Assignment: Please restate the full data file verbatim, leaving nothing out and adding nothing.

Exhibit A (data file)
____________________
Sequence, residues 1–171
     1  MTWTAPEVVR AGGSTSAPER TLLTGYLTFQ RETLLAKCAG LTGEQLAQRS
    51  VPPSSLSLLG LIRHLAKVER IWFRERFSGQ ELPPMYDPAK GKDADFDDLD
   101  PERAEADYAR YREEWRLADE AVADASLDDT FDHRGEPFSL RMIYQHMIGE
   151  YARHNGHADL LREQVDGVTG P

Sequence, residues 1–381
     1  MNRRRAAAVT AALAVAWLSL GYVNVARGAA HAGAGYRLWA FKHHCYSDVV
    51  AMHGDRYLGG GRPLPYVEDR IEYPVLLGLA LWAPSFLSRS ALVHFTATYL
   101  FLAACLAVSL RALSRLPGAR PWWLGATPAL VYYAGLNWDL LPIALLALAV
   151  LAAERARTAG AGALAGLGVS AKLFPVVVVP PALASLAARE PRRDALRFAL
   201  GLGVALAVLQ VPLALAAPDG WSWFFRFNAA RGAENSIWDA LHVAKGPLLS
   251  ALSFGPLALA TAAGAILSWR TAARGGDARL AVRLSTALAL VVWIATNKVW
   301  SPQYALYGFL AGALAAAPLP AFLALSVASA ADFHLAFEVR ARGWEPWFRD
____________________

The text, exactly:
Sequence, residues 1–171
     1  MTWTAPEVVR AGGSTSAPER TLLTGYLTFQ RETLLAKCAG LTGEQLAQRS
    51  VPPSSLSLLG LIRHLAKVER IWFRERFSGQ ELPPMYDPAK GKDADFDDLD
   101  PERAEADYAR YREEWRLADE AVADASLDDT FDHRGEPFSL RMIYQHMIGE
   151  YARHNGHADL LREQVDGVTG P

Sequence, residues 1–381
     1  MNRRRAAAVT AALAVAWLSL GYVNVARGAA HAGAGYRLWA FKHHCYSDVV
    51  AMHGDRYLGG GRPLPYVEDR IEYPVLLGLA LWAPSFLSRS ALVHFTATYL
   101  FLAACLAVSL RALSRLPGAR PWWLGATPAL VYYAGLNWDL LPIALLALAV
   151  LAAERARTAG AGALAGLGVS AKLFPVVVVP PALASLAARE PRRDALRFAL
   201  GLGVALAVLQ VPLALAAPDG WSWFFRFNAA RGAENSIWDA LHVAKGPLLS
   251  ALSFGPLALA TAAGAILSWR TAARGGDARL AVRLSTALAL VVWIATNKVW
   301  SPQYALYGFL AGALAAAPLP AFLALSVASA ADFHLAFEVR ARGWEPWFRD